Genome-wide association studies have indicated that polymorphisms in a stretch of DNA upstream from the MYC oncogene are also related to increased cancer risk. Further, a regulatory element in that region appears to alter MYC expression levels. And so researchers from the Karolinksa Institute in Sweden and the University of Helsinki in Finland developed mice deficient in that regulatory region, Myc-335, to determine its role in Myc expression and tumor formation. As the researchers report in this week's Science, the Myc-335-deficient mice are resistant to intestinal tumorigenesis. "These results establish that a cancer-associated SNP identified in human genome-wide association studies has a functional effect in vivo," the researchers write.
Also in Science, researchers led by Cancer Research UK London Research Institute's Nick Proudfoot report that "by adopting a gene-loop conformation, actively transcribed mRNA encoding genes restrict divergent transcription of [non-coding] RNAs." Such loops, they add, "maintain the directionality of transcription" and may contribute "to determining which transcription units are fully productive."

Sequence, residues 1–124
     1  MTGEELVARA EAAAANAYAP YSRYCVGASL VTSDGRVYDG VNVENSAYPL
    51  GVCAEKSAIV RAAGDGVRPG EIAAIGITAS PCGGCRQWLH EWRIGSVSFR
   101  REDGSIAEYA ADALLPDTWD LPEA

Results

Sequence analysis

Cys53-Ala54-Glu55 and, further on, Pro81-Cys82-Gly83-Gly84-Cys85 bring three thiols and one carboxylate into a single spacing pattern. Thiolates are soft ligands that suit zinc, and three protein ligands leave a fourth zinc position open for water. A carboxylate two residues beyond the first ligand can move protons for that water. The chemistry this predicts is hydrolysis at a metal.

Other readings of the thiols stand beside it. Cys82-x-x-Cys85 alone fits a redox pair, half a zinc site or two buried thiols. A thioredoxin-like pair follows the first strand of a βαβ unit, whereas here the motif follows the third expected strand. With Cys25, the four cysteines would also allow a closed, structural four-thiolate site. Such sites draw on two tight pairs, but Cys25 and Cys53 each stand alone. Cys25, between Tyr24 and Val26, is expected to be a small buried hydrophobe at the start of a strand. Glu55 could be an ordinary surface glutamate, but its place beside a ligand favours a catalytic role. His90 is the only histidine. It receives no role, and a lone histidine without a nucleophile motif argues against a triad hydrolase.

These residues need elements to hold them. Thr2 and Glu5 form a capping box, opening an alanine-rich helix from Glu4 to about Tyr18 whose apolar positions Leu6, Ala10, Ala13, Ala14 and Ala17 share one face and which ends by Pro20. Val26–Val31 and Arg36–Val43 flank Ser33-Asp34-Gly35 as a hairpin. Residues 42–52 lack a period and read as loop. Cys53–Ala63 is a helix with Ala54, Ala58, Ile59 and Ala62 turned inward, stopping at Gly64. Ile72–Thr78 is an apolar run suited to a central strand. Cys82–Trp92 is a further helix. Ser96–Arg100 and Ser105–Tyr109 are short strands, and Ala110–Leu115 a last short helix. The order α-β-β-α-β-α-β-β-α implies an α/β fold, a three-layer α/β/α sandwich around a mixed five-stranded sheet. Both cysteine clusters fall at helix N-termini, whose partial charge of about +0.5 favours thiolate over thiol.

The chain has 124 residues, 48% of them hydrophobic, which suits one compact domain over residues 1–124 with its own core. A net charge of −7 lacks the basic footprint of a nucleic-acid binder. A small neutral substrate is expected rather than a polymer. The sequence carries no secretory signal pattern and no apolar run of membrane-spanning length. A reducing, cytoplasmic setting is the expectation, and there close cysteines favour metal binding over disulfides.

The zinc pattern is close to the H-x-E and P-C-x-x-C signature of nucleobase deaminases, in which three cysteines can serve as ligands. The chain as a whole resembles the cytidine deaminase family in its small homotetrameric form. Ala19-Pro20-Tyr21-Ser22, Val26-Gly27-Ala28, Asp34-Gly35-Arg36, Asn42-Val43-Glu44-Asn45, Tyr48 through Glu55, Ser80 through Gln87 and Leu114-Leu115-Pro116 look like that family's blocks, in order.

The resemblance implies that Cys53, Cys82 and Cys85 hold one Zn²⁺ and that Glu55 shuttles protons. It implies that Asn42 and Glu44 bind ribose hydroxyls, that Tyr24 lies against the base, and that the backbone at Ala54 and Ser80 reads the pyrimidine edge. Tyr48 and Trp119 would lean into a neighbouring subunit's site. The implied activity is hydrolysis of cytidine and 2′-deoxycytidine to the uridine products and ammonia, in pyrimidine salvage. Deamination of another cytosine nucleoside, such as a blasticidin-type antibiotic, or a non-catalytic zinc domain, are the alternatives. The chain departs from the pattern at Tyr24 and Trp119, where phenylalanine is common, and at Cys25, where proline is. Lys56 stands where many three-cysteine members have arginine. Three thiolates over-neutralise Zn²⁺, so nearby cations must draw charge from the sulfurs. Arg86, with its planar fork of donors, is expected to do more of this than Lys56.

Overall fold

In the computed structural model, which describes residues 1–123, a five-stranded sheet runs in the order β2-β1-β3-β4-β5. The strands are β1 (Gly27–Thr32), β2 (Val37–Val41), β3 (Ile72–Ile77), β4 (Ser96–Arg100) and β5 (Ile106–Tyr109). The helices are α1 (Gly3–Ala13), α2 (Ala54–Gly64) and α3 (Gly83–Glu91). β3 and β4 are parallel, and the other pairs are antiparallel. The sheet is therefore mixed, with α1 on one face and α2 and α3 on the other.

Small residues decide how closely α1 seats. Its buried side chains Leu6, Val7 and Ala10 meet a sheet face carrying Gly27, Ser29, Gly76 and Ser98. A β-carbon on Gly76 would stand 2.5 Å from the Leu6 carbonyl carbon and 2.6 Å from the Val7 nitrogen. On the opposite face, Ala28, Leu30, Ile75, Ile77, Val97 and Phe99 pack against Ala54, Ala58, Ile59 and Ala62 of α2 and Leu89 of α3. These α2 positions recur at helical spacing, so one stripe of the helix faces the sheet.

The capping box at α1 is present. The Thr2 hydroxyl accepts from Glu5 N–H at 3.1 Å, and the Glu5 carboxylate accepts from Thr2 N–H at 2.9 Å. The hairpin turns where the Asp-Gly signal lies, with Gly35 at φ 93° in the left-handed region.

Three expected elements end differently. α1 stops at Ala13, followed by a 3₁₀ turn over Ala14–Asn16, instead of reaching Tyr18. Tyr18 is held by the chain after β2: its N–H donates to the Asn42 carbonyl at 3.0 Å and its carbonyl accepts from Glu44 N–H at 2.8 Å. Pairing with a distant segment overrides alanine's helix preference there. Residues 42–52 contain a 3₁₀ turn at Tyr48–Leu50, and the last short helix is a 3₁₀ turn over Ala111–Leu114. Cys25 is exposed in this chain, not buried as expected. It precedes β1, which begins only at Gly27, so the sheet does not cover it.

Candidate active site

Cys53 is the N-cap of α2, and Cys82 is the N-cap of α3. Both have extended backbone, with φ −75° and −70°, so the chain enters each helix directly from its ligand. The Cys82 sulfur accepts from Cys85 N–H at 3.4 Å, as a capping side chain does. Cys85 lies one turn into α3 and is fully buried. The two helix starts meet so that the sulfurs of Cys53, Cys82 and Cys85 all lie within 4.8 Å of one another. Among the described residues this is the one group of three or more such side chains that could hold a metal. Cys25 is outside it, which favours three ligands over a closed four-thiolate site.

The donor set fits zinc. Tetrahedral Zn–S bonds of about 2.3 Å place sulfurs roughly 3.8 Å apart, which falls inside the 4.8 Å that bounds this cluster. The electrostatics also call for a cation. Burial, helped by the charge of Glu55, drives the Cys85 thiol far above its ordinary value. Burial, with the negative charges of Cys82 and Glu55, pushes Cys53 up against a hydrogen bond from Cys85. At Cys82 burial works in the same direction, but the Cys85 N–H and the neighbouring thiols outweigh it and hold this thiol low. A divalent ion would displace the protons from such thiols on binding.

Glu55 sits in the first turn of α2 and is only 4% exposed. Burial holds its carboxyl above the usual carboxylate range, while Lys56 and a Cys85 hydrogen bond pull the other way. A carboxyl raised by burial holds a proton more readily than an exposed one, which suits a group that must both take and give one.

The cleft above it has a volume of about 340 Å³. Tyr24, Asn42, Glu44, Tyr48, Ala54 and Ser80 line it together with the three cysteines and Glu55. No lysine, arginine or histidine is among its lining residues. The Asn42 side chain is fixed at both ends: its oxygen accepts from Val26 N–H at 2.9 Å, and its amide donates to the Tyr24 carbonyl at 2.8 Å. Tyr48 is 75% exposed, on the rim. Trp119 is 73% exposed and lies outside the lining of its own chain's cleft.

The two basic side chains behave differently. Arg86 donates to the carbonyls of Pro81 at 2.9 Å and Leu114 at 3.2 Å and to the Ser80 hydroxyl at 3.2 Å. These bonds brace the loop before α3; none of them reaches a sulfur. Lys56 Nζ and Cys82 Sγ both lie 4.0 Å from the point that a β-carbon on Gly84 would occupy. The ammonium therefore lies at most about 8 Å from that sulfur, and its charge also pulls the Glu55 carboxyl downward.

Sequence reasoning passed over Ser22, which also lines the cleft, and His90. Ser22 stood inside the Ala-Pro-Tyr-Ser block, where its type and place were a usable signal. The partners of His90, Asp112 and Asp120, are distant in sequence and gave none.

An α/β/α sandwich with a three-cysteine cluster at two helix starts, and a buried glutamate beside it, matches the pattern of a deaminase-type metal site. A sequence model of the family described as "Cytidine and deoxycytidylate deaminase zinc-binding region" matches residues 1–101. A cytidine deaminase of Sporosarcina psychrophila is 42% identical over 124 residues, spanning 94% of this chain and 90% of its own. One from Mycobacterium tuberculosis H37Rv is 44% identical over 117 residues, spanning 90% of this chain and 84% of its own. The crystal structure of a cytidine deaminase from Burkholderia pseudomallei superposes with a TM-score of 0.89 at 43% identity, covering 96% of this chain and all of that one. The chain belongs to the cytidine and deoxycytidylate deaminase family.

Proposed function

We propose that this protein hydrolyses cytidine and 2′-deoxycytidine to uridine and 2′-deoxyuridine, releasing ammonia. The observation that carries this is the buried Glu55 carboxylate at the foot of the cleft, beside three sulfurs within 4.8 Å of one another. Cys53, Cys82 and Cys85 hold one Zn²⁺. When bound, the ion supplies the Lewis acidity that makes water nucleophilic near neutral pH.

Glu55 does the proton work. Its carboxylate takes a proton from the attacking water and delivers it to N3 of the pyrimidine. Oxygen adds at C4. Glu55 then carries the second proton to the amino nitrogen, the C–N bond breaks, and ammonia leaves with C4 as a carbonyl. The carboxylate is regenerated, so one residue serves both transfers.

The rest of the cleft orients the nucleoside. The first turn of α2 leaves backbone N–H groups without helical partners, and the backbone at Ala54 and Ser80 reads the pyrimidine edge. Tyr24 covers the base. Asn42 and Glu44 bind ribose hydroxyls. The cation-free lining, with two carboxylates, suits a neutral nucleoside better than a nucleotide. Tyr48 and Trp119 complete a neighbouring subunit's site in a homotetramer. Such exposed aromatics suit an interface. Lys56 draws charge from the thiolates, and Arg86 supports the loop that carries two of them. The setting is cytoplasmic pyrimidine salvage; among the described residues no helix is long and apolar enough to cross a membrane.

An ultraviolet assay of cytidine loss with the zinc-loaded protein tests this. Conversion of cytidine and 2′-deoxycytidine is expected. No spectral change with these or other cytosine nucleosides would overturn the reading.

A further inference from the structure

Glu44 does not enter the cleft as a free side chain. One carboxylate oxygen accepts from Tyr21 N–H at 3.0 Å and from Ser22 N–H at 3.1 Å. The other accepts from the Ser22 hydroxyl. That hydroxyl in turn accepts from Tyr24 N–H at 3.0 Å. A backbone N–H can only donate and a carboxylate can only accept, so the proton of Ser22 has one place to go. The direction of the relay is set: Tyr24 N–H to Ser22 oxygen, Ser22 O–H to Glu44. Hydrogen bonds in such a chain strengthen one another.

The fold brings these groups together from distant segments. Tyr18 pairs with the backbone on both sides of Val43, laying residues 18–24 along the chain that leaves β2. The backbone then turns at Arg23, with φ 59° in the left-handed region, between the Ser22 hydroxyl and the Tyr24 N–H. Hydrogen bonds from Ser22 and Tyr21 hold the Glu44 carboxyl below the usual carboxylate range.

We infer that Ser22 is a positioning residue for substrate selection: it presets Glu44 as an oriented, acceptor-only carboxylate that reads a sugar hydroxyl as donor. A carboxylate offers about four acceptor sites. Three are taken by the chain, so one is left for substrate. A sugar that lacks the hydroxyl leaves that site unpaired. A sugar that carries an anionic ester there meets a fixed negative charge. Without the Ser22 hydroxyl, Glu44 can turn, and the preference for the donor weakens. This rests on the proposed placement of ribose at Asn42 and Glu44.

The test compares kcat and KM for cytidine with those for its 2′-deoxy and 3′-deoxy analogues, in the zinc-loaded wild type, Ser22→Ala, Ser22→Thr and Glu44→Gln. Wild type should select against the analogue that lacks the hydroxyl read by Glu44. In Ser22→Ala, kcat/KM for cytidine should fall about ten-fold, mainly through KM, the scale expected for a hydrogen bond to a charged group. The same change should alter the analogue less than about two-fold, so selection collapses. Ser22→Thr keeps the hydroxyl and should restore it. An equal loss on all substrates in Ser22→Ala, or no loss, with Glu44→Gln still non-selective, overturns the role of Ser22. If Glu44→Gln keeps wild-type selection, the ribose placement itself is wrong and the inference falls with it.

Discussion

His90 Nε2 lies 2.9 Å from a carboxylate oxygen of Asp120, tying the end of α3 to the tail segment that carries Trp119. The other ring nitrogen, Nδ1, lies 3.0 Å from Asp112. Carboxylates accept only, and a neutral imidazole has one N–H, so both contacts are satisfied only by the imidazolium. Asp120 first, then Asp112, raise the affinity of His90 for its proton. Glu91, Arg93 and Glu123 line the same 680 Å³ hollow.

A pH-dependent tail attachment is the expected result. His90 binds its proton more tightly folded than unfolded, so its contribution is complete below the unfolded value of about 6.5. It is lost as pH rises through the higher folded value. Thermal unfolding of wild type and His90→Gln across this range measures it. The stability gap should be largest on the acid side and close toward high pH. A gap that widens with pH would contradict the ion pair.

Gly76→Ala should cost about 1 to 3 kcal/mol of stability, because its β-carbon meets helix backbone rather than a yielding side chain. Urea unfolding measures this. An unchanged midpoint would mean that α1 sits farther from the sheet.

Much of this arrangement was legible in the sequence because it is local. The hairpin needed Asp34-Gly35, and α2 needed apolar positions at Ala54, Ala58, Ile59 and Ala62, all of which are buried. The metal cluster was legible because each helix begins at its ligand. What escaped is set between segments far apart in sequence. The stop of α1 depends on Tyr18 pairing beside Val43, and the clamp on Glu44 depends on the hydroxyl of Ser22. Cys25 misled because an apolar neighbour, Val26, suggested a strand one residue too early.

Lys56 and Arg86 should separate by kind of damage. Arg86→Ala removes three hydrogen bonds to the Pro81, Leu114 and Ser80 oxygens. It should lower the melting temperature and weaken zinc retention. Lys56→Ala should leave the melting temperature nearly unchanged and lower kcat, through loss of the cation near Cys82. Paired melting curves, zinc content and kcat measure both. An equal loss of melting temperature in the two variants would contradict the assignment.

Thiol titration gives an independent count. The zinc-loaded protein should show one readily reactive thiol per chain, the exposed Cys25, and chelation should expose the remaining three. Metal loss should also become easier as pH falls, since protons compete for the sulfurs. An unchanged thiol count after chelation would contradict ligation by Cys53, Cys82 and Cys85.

Johns Hopkins University researchers say that Drosophila male germline stem cells "preserve preexisting histones through asymmetric cell division." The researchers used a dual-color method to label histones in Drosophila male germline stem cells to determine how histones are segregated into daughter cells. "We show that preexisting canonical H3, but not variant H3.3, histones are selectively segregated to the GSC, whereas newly synthesized histones incorporated during DNA replication are enriched in the differentiating daughter cell," they add.